Richard Curtin is director of the University of Michigan’s Surveys of Consumers, which conducts national monthly surveys of consumer attitudes, expectations and behavior. He discusses below whether consumers are in a panic, a question he says he has been asked repeatedly in recent days.
Here’s his response:
The latest data from the University of Michigan’s consumer sentiment surveys indicate that the coronavirus has reduced consumer optimism, and more importantly, it will continue to do so as the virus spreads in the weeks and months ahead.
The panic atmosphere that has developed, however, is quite unlike anything that today’s consumers have ever experienced. It is now primarily based on fears about personal health rather than personal finances. Panic reactions have ranged from the important to the trivial: from protecting the youngest and the oldest among us, to buying-in-advance an adequate supply of toilet paper needed for self-isolation at home.
In stark comparison, there is little evidence that the panic is due to the escalating downturn in business activity and mounting job losses. To be sure, people’s health and finances are intimately connected. Nonetheless, there has been widespread approval of the measures to protect health, even when it comes at a high economic cost. That initial pass on the economic consequences of health policies has been facilitated by very favorable economic conditions built by more than a decade of uninterrupted economic growth.
The goal of public policy is to halt the spread of the coronavirus, or, at least, to flatten the peaks, so that our medical facilities would not be overwhelmed. Policies have gradually become more restrictive along with the unrelenting spread of the virus, and those extensions have been largely supported by the population. At some future point, as the economic harm inevitably rises, it will begin to overcome consumers’ patience.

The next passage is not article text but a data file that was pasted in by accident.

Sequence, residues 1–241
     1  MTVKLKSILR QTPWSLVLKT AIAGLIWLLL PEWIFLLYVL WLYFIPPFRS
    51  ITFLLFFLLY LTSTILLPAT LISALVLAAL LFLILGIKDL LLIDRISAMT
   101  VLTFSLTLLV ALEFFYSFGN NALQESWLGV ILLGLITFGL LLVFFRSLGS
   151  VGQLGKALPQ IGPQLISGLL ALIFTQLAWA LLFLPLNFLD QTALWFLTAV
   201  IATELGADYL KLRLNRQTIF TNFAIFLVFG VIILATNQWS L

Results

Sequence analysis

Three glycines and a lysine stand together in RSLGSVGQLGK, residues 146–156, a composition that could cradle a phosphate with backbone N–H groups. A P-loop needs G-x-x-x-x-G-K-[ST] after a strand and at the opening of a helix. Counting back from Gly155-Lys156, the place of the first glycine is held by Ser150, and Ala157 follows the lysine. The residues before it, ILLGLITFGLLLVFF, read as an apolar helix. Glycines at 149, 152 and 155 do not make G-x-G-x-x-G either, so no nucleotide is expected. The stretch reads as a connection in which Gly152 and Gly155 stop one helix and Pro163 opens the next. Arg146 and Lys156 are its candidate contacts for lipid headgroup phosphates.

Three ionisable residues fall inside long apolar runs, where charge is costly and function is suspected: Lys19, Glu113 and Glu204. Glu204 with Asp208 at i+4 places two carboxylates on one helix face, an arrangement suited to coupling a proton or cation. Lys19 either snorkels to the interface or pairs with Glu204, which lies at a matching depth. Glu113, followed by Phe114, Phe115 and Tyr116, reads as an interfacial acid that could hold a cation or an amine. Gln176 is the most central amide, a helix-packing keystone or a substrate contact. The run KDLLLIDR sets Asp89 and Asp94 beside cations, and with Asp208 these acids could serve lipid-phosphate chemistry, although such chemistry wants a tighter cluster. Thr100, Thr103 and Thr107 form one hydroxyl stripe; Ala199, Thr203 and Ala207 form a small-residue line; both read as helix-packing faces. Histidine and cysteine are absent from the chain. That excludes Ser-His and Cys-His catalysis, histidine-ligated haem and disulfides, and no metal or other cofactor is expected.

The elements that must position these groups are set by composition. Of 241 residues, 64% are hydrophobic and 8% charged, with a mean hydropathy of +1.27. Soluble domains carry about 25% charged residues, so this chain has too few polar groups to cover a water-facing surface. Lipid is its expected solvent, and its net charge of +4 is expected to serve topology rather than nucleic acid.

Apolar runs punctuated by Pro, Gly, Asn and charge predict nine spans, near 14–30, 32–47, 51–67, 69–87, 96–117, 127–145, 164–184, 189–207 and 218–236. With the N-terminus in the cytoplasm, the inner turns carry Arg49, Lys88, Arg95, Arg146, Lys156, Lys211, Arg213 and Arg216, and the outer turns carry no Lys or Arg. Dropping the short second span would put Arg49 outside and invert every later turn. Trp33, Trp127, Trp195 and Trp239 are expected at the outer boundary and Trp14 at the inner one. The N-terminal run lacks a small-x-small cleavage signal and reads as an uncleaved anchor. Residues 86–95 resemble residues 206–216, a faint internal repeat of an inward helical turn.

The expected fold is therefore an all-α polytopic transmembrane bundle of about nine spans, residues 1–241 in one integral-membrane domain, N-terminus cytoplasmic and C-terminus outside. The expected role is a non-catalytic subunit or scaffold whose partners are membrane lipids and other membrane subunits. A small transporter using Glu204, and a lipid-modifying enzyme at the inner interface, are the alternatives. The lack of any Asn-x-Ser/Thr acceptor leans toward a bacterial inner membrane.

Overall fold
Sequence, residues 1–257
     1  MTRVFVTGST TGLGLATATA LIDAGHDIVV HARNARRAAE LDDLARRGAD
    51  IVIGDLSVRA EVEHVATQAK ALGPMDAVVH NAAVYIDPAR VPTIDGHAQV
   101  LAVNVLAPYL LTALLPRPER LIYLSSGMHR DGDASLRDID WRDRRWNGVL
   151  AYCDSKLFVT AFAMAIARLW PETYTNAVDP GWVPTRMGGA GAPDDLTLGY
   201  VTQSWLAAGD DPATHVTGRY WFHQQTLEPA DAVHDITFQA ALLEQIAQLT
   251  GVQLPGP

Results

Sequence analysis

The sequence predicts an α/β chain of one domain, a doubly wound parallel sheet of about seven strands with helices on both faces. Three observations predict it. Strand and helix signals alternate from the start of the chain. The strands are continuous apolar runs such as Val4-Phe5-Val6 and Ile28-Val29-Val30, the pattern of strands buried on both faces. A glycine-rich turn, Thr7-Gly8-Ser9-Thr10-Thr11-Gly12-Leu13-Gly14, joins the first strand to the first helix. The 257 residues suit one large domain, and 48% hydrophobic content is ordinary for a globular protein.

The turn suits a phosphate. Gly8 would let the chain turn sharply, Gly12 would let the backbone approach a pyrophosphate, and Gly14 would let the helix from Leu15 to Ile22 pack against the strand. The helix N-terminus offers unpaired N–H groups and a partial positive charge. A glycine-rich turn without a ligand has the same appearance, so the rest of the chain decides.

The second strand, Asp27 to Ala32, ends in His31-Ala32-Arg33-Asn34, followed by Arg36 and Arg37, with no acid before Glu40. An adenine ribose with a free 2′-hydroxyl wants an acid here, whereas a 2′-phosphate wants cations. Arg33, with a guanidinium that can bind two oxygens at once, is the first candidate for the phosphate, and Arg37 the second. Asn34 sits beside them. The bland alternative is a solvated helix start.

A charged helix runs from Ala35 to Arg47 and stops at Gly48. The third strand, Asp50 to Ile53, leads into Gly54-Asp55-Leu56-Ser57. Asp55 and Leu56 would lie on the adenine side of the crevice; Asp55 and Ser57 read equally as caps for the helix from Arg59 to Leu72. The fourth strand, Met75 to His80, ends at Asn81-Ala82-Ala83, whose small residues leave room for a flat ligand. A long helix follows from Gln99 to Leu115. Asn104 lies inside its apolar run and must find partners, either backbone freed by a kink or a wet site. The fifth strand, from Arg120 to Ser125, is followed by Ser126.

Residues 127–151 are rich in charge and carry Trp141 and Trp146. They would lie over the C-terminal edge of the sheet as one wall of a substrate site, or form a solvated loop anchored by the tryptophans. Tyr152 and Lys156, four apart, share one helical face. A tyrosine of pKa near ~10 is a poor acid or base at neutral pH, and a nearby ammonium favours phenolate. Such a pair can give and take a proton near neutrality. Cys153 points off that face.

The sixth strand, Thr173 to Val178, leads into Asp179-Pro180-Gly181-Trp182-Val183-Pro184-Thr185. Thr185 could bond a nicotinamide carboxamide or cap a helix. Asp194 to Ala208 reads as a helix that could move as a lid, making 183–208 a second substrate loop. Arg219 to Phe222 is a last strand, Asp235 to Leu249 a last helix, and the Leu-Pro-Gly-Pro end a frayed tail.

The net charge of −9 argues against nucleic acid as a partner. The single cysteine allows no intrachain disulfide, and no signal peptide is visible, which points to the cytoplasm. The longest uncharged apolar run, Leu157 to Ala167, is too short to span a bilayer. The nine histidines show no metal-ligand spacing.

Self-isolation for several weeks is quite different than for several months, a consideration that economic and social policies have not fully communicated with the public. Moreover, regional reductions in infection rates may not result in fully reopened firms and restored jobs due to interdependencies of materials and employees across the nation and the world.
Policymakers have implicitly decided that the adoption of these more fundamental policies could be postponed. When the uncertainty clears, however, it may be too late. Proactive instead of reactive policy responses are urgently needed.
The first step is to recognize the immense threat that the coronavirus has for the welfare of the nation. Comparison to prior recessions, even the Great Recession, fail to correctly account for the loss of life let alone the very high eventual economic costs.
Government policies should adopt as its standard the same one used during WWII: being uncertain about the outcome, meant that more spending was justified to guarantee the well-being of our nation. Concerns about rising federal deficits are irrelevant to current policy decisions. Even if deficits caused higher future taxes and inflation rates, no one would begrudge larger fiscal stimulus that successfully limits and finally ends the devastating impact of the coronavirus on American families.
An economic recession has already begun, and it is likely to reduce consumer spending for a period that is two to three times as long as the virus crisis. What is needed is an aid package that provides multiple sources of cash transfers and debt forbearance. The multiple sources would include an immediate cash transfer to all households, plus other cash transfers based on layoffs, healthcare costs, school lunch eligibility, as well as across many other aid programs.
Debt forbearance should involve loan refinancing at lower rates and no-cost extensions rather than simply delaying payments or providing additional loans that will act to impede the financial recovery of households. These steps are especially important since consumers are likely to increase their saving balances and to decrease their use of credit in the aftermath of the virus.
With an economy that was anticipated to grow at about a 2% pace before the virus took hold, even small additional cutbacks in consumer spending could promote a lingering recession. The risks of doing too little are far higher than the risks of doing too much.